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iOS 9 inspires lust for ad blockers

Jim Lynch | Aug. 26, 2015
iOS users can't wait to get their hands on ad blockers.

In a post back in June, I noted that Ad blocking in iOS 9 won't kill the Web. Since then I've been watching the progress of a couple of ad blockers for iOS 9, and I've also been keeping an eye on Apple customer reaction to ad blockers for the mobile Web. And everything I've seen so far seems to indicate that iOS users are lusting for ad blockers with a serious passion.

Take, for example, a recent article on The Next Web called iOS 9 content blocking will transform the mobile Web. A writer at the site put the Crystal ad blocker through its paces and came away very impressed by it.

Owen Williams reports for The Next Web:

For Apple, it’s a win-win situation where it can’t really lose. If users block ads, their iPhones will be faster and more stable and publishers will be driven toward platforms where Apple can take a cut of the cash.

What’s clear to me is that ad blocking offers serious, clear advantages to those using iPhones that could create a serious threat for publishers’ ad revenue on mobile, but it’s probably a good thing.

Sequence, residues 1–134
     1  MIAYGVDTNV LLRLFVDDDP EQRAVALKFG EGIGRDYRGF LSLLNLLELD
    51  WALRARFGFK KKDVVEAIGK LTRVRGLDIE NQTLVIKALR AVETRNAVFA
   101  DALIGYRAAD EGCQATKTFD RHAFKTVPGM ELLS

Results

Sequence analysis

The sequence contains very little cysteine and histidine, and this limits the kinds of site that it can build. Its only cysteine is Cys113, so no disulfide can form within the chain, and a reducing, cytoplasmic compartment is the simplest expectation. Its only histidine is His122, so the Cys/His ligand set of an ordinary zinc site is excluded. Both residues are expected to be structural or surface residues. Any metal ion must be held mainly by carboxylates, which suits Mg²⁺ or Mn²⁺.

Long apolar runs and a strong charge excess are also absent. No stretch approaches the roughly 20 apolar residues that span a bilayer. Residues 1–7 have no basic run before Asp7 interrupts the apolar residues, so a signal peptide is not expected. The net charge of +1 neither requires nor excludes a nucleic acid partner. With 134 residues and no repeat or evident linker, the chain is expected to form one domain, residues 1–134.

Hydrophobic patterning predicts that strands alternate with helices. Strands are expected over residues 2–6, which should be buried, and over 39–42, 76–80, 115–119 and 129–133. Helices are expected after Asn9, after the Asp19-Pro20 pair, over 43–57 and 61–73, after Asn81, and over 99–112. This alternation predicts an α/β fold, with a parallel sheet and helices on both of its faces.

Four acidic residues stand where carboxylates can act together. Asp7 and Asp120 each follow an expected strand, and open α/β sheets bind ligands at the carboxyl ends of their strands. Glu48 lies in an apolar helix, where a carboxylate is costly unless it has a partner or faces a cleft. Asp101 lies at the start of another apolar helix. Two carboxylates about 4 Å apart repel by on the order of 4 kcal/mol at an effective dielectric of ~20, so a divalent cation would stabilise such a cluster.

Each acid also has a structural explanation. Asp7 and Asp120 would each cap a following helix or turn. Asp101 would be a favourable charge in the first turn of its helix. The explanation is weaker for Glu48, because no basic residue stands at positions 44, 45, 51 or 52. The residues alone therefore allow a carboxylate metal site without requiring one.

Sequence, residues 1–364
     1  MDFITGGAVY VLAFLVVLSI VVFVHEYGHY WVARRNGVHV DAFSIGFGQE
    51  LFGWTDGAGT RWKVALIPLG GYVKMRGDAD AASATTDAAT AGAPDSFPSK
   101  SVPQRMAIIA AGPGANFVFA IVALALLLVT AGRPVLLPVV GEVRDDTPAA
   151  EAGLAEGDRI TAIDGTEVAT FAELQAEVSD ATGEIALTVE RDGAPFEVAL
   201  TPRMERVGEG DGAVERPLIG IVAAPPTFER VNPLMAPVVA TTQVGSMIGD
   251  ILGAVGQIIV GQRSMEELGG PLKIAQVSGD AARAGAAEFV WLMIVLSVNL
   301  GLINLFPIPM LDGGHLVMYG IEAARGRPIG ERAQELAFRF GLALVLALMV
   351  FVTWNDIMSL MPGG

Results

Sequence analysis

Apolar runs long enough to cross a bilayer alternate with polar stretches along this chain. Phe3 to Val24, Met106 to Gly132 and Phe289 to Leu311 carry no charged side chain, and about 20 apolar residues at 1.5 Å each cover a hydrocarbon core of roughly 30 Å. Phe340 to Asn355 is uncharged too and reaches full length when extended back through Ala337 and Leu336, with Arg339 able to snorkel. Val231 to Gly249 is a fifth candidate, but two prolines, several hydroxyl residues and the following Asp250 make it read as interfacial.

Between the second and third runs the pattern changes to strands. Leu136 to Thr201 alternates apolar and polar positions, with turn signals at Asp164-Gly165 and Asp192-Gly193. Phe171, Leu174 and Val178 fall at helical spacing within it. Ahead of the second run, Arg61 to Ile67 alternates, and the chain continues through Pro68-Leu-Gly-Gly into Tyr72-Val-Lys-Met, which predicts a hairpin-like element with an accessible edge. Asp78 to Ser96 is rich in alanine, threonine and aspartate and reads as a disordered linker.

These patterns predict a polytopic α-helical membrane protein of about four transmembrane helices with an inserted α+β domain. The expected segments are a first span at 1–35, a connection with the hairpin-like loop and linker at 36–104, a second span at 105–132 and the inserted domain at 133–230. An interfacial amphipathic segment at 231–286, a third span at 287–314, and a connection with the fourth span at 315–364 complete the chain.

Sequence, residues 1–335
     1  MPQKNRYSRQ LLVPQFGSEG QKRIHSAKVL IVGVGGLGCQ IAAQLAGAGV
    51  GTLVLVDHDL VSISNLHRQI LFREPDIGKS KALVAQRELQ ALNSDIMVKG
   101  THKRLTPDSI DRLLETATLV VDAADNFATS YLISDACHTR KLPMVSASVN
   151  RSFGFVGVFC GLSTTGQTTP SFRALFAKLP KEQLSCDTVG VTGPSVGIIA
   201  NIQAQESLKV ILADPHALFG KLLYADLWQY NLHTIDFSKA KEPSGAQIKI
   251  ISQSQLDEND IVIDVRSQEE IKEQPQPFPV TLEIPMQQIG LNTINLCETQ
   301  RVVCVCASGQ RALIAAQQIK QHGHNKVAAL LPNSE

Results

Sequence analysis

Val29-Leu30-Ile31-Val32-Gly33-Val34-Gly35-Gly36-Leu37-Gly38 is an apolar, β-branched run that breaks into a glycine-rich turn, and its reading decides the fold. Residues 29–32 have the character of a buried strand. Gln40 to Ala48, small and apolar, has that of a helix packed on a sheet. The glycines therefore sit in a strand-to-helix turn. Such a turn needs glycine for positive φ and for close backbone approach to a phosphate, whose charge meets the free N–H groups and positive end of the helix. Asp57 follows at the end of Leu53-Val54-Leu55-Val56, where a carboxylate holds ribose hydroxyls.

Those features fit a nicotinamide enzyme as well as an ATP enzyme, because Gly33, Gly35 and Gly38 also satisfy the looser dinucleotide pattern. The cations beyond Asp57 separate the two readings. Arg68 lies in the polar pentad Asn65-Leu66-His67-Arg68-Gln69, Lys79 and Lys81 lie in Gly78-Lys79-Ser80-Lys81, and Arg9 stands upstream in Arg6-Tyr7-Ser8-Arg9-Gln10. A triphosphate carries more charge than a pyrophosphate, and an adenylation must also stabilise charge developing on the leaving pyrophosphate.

For years they’ve been piling on script after script with little afterthought for those on mobile — ad blocking might finally present them with a reason to care more and work to improve the performance of their sites and offer better alternatives to heavy, slow advertising.

Owen's test results and commentary didn't surprise me a bit. I use Ghostery and UBlock Origin in Safari on my Macs, and I notice a big difference in terms of browser performance when browsing in iOS on my iPad. In short, some sites are almost unusable without an ad blocker.

iOS users are lusting for ad blockers in iOS 9

Owen's article spawned a huge thread on the Apple subreddit, with more than 300 posts already in it. And the vast majority of Apple redditors seem to be very much in favor of ad blockers in iOS 9. Here's a sampling of that thread:

Xe_om: "It's interesting that it's called "content blocking" when it's really the opposite: It's junk blocking."

Pancakegod: "Malicious JavaScript is a huge problem and blockers like this are the solution. Advertisers won't change unless we make them change, and this is what'll make them do that."

Mrcrassic: "Pundits keep predicting that these content blockers will lead to more intrusive advertising, but I don't believe that's true. A lot of the delay that people experience with ads is due to shitty or bulky Javascript. I feel like that will change before advertising theory will.


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